Whether we’ve been taking pictures for 20 years or two months, we all have room for improvement.Geoff Harris has picked out five bad habits that could be holding us back.
Like any pursuit, hobby, vocation, profession – call it what you will – photography has its pitfalls. It’s easy to fall into bad habits; habits that could be sabotaging your creativity and productivity without you realising it. If there is nobody to point out your bad habits, it’s easy to reinforce them – practice makes perfect, right? With this in mind, I’ve dragged some of my bad habits, and those of other people, kicking and screaming into the light of day. It’s time to name and shame!
The more images I take, the more I’ve realised that photography is a game of patience. Sure, you have to be in the right place and the right time, and on top of your gear, but then it’s about the waiting. Waiting for the right weather conditions or light. Waiting for a shy creature to appear from the undergrowth or a rare bird to land in a tree. Waiting for the decisive moment in a football match or street scene. Impulsive photographers who rush around often miss shots.
How many times have you missed something you could have caught if you’d hung around an extra five or ten minutes? One of landscape photographer David Clapp’s most memorable images, of a lighthouse against a dramatic red cloud in a storm, was taken when everyone else had gone back to the van. So try spending that bit longer in a place and reconcile yourself to the idea that you might not get anything – but you might get something really memorable. Better one great image from a day than 50 so-so ones.
‘Mindless’ is an interesting word in this context – it’s more commonly used to describe yobs smashing up a bus shelter. By ‘mindless composition’ I mean not fully thinking through what you are doing before you press the shutter button. You need to be MINDFUL, which simply means being sure you are standing in the right place, keeping your tripod at the most appropriate height and angle, and checking that nothing untoward or distracting is creeping into frame.
So be hyper-vigilant for vans, traffic cones, rubbish bins, fire extinguishers and blokes in hi-vis jackets, as well as rookie errors like trees or poles emerging from people’s heads. What you see in the viewfinder is usually what you get, so to borrow a term from computing, rubbish in, rubbish out. Ask yourself this question before pressing the shutter button: am I sure all the elements are arranged as I wish, and there are no distractions getting in?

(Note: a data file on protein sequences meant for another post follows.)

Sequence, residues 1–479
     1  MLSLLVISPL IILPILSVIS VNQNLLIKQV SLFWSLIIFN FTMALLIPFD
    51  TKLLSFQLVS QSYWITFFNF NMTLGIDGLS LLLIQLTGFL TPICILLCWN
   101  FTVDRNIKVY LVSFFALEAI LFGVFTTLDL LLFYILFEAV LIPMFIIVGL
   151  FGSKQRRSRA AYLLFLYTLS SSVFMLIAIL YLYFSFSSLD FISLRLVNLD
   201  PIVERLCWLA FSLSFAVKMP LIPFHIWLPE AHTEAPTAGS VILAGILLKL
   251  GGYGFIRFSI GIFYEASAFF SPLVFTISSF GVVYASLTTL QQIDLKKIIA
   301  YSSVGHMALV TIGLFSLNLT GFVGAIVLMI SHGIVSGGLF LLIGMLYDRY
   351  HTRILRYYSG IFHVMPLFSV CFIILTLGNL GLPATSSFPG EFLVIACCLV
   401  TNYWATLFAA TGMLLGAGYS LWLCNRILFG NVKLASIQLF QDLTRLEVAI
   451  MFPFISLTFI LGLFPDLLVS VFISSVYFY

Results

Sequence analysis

I’ve written before about chimping – compulsively checking freshly taken images on your rear LCD. It’s a case of physician heal thyself, though – as I admit, my name is Geoff and I am a chimper. I shot a wedding fair at the weekend and watched myself doing it. In my defence, I’ve set up my image preview so the histogram (exposure graph) appears, and I tend to look at that more than the shot. All you are seeing is a low-res JPEG preview, anyway, even when you shoot in RAW, so chimping is often misleading.
A bigger problem with chimping is that it takes your attention away from your subject. This can be disastrous with portrait photography as it breaks that almost mystical bond that can develop between subject and photographer. When subjects see you chimping, they lose interest and maybe wonder if you know what you’re doing. I’d advise weaning yourself off chimping gradually, but you will need to go cold turkey at some point.
On-camera flash is a good friend but a dangerous enemy. While it’s OK for filling in shadows on sunny days, it can give a horrible, crude, ‘deer in headlights’ look when used indoors. Telltale signs include overexposed foregrounds and underexposed backgrounds, harsh shadows under the chin, and ‘custard pie’ lighting on faces without any shadows or nuance. Now, there are times you won’t have the time or inclination to lug around stands, softboxes or umbrellas, so try bouncing (angling) the flash off a pale or white-coloured wall or ceiling for nicer results. You’re dispersing the light, in other words, rather than hitting somebody in the face with it. Also, try using the pull-out bounce card in your flashgun, or invest in a separate card – I like the Honl Speed Gobo, which fits to your flashgun via a velcro strap. If funds permit, a hand-held constant LED light source like the Westcott Icelight 2 is a great way to get nicer lighting on indoor portraits, too.
Not seeking feedback
While there comes a point where you have to stop being precious and get your images out there, it’s also important that you pick up mentors and advisors along the way. Photography can feel like an intensely personal pursuit, but often we are too close to our images to spot our weaknesses. All great photographers have sought out, and received, such feedback. If you’ve not done so already, join a camera club or photography association, take advantage of portfolio reviews and appraisals at photography shows, and even approach photographers you admire for feedback. Be realistic – Testino or Don McCullin are unlikely to reply, but you will probably find that a well-regarded local photographer, or somebody working in a very specific niche, will be more amenable.
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About the Author
Geoff is an experienced photography journalist and recently stepped down as editor of Digital Camera, the UK’s best-selling photography magazine. He now writes for a range of publications. Geoff is a keen travel and portrait photographer, and a Licentiate of the Royal Photographic Society.